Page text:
Protects companies against cyber attacks
Andreas Orset combined economics and technology studies at NHH to adapt to the future job market. This secured him a permanent job a year and a half before graduating.
‘Cyber security is an important emerging business area. ‘In the past year alone, attacks against companies have doubled and the financial consequences are significant,’ Andreas Orset says.
In December, he completed his Master's Degree in Business Analytics at NHH, and this month he started working for the consultancy firm KPMG. Here, he works to protect Norwegian companies against cybercrime.
‘In order to achieve good, overall management of cyber security, it is important to look beyond the technical systems. Cyber security must be linked to the enterprises’ business strategy, and the companies must actively work to raise awareness among staff. With a degree from NHH, you have the expertise needed to work on integrating cyber security into corporate governance,’ says Orset.
Studied tech subjects at NHH
According to NHH's 2017 labour market survey, three out of four NHH students receive an offer of permanent employment before they graduate. Orset is among them.
‘I wanted to find a job before I graduated, so that I could then choose courses that were relevant to the position, and thereby be better prepared for work. I only applied to consultancy firms offering cybersecurity services, and I found a lot of interest in hiring students from NHH,’ he says.
When the time came to choose a major, Orset decided to go for NHH’s new major profile Business Analytics. He was then able to combine the economics degree with technology studies.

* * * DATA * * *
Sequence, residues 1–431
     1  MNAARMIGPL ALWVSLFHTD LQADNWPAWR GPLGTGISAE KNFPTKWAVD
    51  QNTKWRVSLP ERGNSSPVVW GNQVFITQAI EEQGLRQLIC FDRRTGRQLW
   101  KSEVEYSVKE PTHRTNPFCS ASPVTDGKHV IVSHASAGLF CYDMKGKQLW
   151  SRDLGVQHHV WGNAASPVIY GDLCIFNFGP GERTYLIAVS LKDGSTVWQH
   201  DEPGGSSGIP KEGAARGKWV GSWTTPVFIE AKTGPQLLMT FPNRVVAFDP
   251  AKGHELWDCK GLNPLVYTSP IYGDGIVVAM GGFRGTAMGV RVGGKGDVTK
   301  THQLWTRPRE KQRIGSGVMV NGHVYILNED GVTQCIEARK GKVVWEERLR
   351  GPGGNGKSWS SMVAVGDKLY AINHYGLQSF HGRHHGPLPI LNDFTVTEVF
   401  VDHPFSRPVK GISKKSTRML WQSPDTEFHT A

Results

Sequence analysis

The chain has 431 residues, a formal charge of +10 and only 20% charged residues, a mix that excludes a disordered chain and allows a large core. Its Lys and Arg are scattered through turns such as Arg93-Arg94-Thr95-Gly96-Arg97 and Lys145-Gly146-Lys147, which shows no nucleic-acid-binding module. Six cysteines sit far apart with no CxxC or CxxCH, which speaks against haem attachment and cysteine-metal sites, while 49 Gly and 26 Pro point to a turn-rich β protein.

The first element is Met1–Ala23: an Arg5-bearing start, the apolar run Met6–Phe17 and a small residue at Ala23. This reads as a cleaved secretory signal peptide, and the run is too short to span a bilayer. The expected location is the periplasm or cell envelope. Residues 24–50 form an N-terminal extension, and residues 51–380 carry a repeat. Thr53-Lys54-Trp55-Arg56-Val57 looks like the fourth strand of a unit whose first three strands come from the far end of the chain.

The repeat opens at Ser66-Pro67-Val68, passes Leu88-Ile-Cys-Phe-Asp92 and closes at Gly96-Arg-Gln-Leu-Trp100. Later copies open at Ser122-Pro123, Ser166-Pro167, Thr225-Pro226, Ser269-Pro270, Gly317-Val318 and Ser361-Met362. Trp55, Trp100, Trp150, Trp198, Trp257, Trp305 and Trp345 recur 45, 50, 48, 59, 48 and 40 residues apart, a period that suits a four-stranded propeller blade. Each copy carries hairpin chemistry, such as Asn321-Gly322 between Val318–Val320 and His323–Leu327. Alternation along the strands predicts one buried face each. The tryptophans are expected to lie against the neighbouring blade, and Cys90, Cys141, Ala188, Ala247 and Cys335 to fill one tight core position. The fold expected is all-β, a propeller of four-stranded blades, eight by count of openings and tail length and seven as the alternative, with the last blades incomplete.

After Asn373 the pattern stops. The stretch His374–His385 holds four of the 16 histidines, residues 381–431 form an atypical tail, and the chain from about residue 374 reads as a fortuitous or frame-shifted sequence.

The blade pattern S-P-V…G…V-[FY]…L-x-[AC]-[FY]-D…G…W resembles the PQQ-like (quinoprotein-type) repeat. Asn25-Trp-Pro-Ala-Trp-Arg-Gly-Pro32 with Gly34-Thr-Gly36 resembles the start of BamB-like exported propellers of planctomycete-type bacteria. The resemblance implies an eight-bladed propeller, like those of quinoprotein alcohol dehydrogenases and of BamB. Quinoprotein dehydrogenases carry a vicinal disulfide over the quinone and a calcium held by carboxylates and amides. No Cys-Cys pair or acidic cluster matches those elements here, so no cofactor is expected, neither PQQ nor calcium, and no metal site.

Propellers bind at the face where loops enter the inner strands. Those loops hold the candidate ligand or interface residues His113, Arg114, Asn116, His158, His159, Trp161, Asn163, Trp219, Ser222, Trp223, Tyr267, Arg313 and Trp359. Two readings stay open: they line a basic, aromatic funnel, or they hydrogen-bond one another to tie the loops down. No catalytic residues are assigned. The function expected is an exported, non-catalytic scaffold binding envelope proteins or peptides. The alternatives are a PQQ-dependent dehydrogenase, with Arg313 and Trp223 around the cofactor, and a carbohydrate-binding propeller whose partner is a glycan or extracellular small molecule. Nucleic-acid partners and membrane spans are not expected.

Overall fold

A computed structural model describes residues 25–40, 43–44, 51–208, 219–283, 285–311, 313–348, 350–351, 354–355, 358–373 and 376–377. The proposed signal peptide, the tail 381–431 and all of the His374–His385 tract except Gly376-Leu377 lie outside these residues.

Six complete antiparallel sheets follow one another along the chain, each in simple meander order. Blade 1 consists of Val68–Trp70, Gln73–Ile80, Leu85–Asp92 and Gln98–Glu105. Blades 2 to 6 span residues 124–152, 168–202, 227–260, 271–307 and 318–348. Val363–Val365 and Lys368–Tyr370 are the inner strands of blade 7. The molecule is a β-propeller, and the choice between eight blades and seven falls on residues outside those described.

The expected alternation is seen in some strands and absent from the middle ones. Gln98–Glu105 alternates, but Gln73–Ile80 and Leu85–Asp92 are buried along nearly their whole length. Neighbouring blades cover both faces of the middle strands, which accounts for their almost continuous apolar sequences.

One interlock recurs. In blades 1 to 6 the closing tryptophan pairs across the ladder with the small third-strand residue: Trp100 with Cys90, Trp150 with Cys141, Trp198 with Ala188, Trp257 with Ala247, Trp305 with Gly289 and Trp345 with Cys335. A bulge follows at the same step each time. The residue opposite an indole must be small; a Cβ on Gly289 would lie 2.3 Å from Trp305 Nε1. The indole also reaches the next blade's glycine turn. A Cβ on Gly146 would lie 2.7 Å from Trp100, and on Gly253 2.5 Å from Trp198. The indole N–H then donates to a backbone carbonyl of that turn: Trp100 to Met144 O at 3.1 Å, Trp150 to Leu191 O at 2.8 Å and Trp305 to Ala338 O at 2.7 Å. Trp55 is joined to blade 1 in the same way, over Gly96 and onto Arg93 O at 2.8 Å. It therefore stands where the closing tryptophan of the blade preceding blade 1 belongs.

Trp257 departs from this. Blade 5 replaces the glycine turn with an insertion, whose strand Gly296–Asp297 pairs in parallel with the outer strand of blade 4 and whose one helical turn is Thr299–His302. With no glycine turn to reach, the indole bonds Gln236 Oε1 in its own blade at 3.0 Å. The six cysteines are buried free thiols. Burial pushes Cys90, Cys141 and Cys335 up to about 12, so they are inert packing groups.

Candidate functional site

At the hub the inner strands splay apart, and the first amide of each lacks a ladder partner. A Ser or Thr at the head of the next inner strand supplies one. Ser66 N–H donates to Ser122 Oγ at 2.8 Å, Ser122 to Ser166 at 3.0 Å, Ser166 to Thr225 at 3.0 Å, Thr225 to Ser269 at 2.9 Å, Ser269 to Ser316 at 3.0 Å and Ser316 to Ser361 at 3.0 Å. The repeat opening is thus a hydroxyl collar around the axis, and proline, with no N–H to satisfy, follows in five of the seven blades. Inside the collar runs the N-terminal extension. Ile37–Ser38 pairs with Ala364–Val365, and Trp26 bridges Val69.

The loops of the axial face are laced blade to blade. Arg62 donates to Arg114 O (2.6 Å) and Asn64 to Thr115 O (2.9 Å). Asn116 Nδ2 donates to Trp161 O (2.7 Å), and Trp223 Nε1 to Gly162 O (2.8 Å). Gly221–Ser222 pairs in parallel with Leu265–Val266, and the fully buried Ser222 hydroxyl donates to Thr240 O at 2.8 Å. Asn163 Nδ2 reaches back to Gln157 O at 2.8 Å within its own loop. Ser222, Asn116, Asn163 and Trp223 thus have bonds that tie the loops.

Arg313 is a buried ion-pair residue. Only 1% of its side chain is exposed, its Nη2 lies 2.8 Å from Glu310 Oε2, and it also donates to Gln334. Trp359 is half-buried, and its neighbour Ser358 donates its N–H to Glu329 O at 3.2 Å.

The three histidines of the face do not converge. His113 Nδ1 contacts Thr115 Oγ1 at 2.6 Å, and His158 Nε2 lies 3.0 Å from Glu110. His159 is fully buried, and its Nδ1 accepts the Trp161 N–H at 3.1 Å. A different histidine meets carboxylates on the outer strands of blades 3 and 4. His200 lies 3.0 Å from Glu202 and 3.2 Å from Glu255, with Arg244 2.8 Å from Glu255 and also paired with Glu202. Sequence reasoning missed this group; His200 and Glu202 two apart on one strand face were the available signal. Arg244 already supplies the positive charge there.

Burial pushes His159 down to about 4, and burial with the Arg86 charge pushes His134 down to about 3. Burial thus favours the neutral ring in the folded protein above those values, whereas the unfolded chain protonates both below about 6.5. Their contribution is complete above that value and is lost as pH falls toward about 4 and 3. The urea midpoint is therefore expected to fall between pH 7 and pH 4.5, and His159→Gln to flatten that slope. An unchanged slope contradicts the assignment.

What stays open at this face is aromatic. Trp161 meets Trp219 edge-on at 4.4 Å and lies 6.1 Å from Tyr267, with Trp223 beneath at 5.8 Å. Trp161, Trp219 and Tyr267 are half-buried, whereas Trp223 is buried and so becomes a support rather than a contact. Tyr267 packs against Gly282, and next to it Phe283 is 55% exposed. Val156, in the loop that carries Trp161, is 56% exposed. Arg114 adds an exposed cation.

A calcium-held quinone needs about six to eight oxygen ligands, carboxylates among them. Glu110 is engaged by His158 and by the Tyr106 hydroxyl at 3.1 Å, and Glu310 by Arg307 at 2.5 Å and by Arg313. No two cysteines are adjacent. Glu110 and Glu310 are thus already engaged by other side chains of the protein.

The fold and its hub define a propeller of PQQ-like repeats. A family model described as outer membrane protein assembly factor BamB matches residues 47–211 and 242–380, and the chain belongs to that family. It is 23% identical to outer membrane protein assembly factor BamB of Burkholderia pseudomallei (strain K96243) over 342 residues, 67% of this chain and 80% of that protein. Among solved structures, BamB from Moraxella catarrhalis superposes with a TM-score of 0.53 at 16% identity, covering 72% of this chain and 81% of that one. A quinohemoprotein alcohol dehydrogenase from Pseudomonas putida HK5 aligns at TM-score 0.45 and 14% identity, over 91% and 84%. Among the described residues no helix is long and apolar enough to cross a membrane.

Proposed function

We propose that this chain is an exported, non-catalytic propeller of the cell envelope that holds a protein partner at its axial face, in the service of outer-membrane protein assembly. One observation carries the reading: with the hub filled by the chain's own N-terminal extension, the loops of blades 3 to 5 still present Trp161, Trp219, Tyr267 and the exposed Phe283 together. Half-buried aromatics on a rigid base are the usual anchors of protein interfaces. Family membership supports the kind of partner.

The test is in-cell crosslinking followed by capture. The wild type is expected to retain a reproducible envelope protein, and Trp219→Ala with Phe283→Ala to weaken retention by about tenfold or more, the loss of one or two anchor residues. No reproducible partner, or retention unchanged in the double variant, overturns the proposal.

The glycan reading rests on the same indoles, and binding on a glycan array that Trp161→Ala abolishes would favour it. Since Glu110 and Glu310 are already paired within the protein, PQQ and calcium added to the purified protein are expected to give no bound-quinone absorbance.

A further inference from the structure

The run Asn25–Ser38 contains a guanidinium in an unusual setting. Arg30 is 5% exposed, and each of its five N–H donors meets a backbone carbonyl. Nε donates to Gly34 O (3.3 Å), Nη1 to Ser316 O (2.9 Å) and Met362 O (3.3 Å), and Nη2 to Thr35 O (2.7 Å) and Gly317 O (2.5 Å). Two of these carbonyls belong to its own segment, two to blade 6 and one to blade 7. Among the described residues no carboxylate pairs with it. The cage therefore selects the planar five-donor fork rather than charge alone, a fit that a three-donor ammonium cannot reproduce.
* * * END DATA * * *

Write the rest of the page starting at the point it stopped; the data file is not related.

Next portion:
‘NHH has really stepped up its game when it comes to tech subjects. I took technology courses, such as ‘Artificial intelligence and robotisation’, ‘Predictive Analytics’, ‘Simulation’, ‘Decision Modeling’, ‘Applied programming’ – to mention a few,’ he says.
Find relevant jobs
A new candidate survey conducted by the student organisation Sammen Råd og Karriere shows that NHH students are very well adapted and suited for the labour market. Ninety-five per cent of the respondents are in a permanent position, and 98.8 per cent are in a relevant job two years after graduating.
Orset believes that, in the future, it will be important to choose a degree that combines economics and technology courses in order to provide the business sector with the expertise it requires.
‘I think that a lot of exciting things will happen in the intersection between economics and technology. The business and industry of the future is being formed by new technology, and we need skilled people to address these changes,’ he says.